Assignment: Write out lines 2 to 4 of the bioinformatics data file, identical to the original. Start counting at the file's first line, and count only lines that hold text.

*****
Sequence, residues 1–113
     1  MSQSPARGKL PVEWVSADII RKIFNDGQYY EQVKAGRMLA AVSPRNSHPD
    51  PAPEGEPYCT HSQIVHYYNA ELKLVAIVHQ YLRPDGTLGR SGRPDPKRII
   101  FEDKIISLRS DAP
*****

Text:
     1  MSQSPARGKL PVEWVSADII RKIFNDGQYY EQVKAGRMLA AVSPRNSHPD
    51  PAPEGEPYCT HSQIVHYYNA ELKLVAIVHQ YLRPDGTLGR SGRPDPKRII
   101  FEDKIISLRS DAP